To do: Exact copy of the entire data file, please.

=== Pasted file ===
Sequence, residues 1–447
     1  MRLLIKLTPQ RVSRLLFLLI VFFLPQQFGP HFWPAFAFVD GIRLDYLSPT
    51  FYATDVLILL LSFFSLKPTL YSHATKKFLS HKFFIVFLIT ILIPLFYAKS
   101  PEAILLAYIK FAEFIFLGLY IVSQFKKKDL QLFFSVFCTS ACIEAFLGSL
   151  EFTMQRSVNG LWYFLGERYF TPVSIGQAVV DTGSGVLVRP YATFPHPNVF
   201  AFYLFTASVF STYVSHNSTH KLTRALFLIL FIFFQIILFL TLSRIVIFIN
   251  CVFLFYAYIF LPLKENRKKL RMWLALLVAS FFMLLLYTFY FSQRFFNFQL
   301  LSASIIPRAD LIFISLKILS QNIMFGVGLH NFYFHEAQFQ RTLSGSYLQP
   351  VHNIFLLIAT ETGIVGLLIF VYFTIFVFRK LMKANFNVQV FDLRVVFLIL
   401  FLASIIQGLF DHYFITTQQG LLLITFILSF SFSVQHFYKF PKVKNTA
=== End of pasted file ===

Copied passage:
Sequence, residues 1–447
     1  MRLLIKLTPQ RVSRLLFLLI VFFLPQQFGP HFWPAFAFVD GIRLDYLSPT
    51  FYATDVLILL LSFFSLKPTL YSHATKKFLS HKFFIVFLIT ILIPLFYAKS
   101  PEAILLAYIK FAEFIFLGLY IVSQFKKKDL QLFFSVFCTS ACIEAFLGSL
   151  EFTMQRSVNG LWYFLGERYF TPVSIGQAVV DTGSGVLVRP YATFPHPNVF
   201  AFYLFTASVF STYVSHNSTH KLTRALFLIL FIFFQIILFL TLSRIVIFIN
   251  CVFLFYAYIF LPLKENRKKL RMWLALLVAS FFMLLLYTFY FSQRFFNFQL
   301  LSASIIPRAD LIFISLKILS QNIMFGVGLH NFYFHEAQFQ RTLSGSYLQP
   351  VHNIFLLIAT ETGIVGLLIF VYFTIFVFRK LMKANFNVQV FDLRVVFLIL
   401  FLASIIQGLF DHYFITTQQG LLLITFILSF SFSVQHFYKF PKVKNTA